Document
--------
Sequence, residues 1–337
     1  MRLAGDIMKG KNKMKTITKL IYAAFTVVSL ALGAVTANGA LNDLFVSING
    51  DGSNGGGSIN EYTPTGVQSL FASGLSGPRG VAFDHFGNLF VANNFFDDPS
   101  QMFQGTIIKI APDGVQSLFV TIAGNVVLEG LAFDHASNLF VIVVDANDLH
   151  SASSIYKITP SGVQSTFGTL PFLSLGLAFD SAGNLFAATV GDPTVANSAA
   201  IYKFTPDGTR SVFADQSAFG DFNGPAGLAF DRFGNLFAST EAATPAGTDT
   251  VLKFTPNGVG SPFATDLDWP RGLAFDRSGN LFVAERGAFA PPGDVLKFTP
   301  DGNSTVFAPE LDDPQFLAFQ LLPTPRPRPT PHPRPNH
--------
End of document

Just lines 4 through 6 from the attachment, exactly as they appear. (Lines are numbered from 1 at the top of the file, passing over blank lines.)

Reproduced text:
   101  QMFQGTIIKI APDGVQSLFV TIAGNVVLEG LAFDHASNLF VIVVDANDLH
   151  SASSIYKITP SGVQSTFGTL PFLSLGLAFD SAGNLFAATV GDPTVANSAA
   201  IYKFTPDGTR SVFADQSAFG DFNGPAGLAF DRFGNLFAST EAATPAGTDT